Adobe stock fell on news that the U.S. government is preparing to file a lawsuit to block the $20 billion Adobe-Figma deal announced last year.
Investors are ready to criticize Adobe both for making the deal and for not making the deal. Other authorities are also taking a hard look at the deal.
According to TechCrunch, Adobe’s plan to buy digital design rival Figma has caught the attention of the European Commission (EC), which has announced that the proposed merger threatens to significantly impede competition in the market for interactive product design and whiteboarding software.
The UK also reportedly reviewed the deal in December. If the United States files suit, the deal could fall apart. From a startup perspective, the news is not the worst, and from a venture capital perspective, it is terrible. But from a competition perspective, the question isn’t whether the deal is anti-competitive; it’s whether we should care.
What is Figma?
Figma is a cloud-based design software that has become increasingly popular in recent years. It is known for its collaborative features, allowing designers to work together in real time on the same project. This makes it a popular choice for design teams working remotely. Additionally, Figma’s ease of use and intuitive interface make it a favourite among designers of all skill levels.
What is Adobe?
Adobe is a well-known software company that specializes in creating creative software. It is most known for its popular design software, such as Photoshop and Illustrator. Adobe has been a leading player in the design industry for many years.
The Details of the Adobe-Figma Deal
Adobe announced its acquisition of Figma in late February 2022. The details of the deal have not been fully disclosed, but it is reported that Adobe paid $20 billion for Figma. This acquisition is a significant move for Adobe, as it expands its offerings to include cloud-based design software, which has become increasingly popular in recent years.
Perspectives of the Adobe-Figma Deal
Let’s talk about the three perspectives of this deal potentially becoming regulatory roadkill from a startup, venture, and competitive perspective.
Perspectives for startups
No startup wants to lose a $20 billion exit price when the number is double its prior valuation and the underlying economy is lacklustre. So Figma wants to get the deal done.
For startups in general, however, the news that Adobe’s acquisition of Figma might not go through isn’t the worst news. Why is that? Because we’ve seen this story before, and the startup in that example is doing just fine.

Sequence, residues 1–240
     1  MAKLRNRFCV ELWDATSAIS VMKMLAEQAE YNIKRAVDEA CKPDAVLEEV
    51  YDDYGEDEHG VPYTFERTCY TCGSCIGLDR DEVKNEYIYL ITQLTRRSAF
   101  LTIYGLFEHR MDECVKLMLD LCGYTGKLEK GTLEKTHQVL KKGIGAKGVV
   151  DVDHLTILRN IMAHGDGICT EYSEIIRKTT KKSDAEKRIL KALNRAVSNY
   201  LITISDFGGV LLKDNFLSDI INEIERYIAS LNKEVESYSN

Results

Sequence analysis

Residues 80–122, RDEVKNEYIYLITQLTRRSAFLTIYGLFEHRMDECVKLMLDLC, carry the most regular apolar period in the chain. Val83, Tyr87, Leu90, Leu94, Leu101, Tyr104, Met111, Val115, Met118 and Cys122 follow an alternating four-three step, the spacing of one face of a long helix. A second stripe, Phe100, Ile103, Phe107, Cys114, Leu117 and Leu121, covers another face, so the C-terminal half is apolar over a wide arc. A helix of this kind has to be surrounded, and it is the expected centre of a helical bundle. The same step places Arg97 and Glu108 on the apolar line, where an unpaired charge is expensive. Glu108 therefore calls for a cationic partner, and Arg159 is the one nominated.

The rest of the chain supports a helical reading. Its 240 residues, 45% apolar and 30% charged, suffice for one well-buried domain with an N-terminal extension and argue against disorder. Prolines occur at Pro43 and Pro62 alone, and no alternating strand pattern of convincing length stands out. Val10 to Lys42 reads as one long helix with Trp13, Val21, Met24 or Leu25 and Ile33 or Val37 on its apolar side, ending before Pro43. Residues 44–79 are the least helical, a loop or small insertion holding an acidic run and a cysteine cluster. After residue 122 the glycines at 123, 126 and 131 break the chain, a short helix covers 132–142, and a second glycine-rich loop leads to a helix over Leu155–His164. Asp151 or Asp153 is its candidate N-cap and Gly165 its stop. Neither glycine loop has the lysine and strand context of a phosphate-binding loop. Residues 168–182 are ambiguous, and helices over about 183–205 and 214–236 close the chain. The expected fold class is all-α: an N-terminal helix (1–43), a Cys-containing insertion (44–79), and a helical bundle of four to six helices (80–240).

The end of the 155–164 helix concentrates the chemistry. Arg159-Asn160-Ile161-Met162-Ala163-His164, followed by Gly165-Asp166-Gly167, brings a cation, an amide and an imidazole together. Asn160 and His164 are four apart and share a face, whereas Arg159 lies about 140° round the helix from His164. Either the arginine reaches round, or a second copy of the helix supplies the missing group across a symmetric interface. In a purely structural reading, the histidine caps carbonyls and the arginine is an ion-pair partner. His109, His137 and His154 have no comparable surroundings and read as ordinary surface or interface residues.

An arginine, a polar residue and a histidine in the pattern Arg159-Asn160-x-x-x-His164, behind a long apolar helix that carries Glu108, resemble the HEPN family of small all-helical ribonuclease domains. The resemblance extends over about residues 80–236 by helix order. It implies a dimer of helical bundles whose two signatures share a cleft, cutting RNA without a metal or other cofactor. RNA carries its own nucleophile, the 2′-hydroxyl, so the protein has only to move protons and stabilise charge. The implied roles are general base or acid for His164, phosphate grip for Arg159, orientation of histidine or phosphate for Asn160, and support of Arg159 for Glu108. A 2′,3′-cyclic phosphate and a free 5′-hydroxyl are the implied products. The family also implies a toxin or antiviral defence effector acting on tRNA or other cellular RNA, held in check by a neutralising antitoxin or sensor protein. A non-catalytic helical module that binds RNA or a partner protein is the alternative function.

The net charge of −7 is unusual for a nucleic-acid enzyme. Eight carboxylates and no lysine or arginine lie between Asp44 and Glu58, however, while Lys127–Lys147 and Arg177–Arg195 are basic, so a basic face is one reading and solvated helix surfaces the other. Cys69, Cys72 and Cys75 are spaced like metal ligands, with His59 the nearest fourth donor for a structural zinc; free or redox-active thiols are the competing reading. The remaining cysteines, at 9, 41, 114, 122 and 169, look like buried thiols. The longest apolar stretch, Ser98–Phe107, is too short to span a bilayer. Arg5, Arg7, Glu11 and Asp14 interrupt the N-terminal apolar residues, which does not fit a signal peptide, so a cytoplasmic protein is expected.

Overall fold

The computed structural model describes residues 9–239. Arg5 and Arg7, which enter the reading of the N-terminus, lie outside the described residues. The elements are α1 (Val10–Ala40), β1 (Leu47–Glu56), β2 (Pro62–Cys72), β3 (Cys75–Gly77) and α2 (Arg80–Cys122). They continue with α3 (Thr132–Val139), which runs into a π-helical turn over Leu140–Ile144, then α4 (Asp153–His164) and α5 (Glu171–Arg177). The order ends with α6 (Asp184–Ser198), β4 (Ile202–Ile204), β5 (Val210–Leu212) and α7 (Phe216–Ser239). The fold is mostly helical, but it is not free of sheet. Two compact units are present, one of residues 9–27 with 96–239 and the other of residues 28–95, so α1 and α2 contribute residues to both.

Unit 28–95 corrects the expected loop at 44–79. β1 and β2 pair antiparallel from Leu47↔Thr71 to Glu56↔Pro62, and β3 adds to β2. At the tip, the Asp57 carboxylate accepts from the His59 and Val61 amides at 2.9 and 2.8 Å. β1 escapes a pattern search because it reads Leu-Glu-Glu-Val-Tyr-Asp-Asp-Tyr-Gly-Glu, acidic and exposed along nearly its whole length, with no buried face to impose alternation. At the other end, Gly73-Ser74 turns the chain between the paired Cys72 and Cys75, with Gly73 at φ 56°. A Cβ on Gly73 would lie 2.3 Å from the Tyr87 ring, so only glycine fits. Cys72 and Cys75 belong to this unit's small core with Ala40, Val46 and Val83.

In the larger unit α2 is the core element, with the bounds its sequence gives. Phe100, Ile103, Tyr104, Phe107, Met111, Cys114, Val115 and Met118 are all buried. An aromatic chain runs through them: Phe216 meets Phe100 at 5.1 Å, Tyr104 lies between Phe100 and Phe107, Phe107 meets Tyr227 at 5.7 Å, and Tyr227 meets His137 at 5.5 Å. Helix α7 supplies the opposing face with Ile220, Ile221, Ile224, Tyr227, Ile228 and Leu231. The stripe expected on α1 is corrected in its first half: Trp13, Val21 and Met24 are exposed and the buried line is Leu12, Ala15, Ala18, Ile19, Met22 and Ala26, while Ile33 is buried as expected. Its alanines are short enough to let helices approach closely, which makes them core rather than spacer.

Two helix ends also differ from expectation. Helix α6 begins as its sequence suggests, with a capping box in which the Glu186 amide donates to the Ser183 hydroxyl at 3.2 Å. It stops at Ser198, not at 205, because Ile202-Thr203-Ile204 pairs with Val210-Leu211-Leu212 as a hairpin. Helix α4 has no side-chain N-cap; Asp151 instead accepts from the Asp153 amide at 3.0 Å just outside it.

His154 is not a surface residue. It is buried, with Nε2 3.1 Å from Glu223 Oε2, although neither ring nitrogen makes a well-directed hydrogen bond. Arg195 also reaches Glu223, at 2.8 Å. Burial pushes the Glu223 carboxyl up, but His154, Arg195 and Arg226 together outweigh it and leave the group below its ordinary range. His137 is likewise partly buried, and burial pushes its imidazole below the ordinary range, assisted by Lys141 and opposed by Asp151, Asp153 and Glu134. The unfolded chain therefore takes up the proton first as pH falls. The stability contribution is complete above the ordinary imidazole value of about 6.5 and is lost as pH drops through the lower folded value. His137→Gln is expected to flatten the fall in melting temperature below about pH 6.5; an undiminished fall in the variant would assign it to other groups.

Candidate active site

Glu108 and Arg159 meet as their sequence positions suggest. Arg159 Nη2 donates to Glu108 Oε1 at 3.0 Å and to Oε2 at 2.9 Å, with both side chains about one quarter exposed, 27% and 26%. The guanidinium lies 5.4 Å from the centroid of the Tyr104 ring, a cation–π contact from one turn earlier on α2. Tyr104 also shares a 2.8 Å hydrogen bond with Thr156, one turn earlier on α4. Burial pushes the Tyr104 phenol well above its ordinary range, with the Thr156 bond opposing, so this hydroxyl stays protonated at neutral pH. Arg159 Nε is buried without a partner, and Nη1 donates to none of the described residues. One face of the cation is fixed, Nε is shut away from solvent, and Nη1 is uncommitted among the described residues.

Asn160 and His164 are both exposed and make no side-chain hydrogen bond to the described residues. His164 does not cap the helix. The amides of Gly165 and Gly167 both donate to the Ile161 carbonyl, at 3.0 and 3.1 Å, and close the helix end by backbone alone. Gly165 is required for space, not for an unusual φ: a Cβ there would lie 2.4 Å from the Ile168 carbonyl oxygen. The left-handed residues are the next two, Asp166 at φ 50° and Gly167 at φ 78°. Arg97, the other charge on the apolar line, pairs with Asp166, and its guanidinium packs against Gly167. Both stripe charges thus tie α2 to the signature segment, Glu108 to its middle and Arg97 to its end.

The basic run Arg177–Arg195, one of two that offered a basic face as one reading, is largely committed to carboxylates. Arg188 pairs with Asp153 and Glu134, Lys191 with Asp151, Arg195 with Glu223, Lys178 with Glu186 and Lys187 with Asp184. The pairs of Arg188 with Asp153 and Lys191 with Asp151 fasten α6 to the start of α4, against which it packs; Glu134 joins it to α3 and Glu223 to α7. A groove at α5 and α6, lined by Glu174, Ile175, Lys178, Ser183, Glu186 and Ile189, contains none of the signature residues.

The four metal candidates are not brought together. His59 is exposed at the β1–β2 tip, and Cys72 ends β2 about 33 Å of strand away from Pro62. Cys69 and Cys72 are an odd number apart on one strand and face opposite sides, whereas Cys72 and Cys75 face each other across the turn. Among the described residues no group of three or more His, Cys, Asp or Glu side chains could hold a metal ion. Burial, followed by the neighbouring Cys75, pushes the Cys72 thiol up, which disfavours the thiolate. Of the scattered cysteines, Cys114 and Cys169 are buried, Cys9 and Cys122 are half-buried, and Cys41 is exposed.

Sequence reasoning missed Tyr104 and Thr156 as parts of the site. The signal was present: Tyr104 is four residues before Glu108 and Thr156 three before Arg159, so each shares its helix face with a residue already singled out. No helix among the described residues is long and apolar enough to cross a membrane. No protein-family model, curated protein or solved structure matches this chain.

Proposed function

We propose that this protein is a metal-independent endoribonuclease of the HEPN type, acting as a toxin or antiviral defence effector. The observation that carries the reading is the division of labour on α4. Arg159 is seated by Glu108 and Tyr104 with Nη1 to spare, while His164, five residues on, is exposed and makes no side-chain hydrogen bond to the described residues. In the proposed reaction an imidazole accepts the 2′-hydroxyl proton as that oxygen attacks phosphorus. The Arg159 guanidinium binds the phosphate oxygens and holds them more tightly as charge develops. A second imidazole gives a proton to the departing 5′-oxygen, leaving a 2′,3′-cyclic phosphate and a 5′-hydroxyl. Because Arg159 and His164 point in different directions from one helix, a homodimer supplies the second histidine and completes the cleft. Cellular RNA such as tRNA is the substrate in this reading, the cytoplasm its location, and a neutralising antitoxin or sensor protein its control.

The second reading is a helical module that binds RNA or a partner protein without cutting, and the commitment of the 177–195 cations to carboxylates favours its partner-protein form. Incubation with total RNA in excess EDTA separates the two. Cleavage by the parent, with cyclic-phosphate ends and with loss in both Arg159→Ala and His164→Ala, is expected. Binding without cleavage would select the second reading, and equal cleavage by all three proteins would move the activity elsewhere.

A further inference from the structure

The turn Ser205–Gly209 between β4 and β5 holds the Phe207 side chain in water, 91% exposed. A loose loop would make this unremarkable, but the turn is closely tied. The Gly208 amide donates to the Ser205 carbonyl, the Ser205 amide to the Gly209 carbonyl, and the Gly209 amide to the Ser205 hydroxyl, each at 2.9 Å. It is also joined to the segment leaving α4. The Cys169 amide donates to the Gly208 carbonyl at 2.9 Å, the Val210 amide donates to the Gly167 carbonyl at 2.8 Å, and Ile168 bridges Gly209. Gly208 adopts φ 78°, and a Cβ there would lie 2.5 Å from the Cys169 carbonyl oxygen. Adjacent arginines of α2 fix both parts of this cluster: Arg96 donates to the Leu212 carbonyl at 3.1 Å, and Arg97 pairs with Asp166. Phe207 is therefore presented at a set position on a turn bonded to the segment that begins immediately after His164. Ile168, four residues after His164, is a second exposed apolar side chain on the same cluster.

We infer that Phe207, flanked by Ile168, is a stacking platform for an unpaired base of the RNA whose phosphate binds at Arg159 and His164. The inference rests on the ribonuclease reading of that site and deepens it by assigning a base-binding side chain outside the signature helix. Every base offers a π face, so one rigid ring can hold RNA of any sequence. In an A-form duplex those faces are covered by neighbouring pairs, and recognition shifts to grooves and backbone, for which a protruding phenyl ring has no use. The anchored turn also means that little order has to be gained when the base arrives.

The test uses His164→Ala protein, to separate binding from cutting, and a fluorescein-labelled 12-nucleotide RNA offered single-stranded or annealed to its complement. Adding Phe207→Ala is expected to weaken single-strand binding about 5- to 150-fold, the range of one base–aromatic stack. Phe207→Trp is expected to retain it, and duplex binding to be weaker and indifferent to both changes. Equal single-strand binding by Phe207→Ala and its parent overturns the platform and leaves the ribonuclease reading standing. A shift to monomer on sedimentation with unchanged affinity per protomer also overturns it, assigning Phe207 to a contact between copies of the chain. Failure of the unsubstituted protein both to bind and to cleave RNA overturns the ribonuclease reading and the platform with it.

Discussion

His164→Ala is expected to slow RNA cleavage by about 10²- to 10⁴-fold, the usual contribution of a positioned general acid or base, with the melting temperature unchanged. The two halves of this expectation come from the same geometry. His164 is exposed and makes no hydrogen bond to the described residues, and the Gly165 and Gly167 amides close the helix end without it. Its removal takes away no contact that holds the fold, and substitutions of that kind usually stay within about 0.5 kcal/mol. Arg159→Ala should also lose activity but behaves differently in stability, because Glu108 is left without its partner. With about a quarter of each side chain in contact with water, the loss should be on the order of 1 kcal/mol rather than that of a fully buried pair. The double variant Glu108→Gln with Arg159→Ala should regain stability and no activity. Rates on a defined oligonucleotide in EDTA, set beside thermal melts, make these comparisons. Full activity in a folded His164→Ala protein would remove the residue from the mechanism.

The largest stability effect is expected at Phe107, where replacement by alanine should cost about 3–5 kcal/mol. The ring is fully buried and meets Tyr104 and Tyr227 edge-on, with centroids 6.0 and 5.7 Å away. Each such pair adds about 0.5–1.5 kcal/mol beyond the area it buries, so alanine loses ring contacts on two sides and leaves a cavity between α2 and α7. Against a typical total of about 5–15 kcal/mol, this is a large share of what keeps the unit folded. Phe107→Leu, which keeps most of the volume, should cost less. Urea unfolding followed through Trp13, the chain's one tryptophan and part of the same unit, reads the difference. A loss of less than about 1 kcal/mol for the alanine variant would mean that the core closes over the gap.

Plaid is an example; Visa wanted to buy Plaid for a lot of money, but the deal fell through after it ran into regulatory issues. Plaid then went on to raise capital at a valuation that was a multiple of the price at which it had planned to sell itself. Startups that land big, splashy potential exit prices from competing incumbents are the very startups that will do well without the deal.
Perspectives for venture
For venture capitalists, the potential demise of Adobe-Figma deal is terrible news. Some 32 investors put capital into the startup, per Crunchbase data. Every single one of those investors is looking forward to returning not only cash to their limited partners but also evidence that some of their paper marks are legit. A big deal recycles cash in the LP-venture-startup loop and makes investors look good. Not having the deal go through does not.
Adobe is not buying Figma to increase competition in its market; instead, it’s buying something that could compete with it to prevent just that. If the deal goes through, Adobe will be stronger than before – with a wider product mix and control over the market.
The Adobe-Figma deal – The Concerns of the Design Community
The design community has expressed concern about the Adobe-Figma deal. Many worry that this acquisition will lead to a lack of competition in the design software market. This could potentially harm smaller design software companies, as they may struggle to compete with Adobe’s resources and market dominance.
Additionally, some designers worry that Adobe will integrate Figma’s features into its existing design software, potentially making it more difficult for designers to switch to other software options. This could further solidify Adobe’s dominance in the design software market.
In conclusion, the Adobe-Figma deal is certainly questionable in terms of anti-competitive practices. However, as investors, startups and consumers, we should be more concerned about the long-term impact on innovation and the market. The solution is healthy competition, not monopolistic acquisitions.